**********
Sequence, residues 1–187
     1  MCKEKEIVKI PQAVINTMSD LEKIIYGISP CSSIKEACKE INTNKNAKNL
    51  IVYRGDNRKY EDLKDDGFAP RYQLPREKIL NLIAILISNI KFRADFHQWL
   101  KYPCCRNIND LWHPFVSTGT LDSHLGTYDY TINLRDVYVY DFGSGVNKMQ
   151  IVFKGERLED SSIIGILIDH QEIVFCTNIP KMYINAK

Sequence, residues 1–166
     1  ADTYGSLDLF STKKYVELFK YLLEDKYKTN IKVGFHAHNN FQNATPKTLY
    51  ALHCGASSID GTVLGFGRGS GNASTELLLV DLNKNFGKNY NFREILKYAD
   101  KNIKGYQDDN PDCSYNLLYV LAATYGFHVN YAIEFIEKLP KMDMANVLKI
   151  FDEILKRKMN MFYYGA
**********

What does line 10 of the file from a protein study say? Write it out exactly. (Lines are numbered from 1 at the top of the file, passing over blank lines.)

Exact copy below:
   151  FDEILKRKMN MFYYGA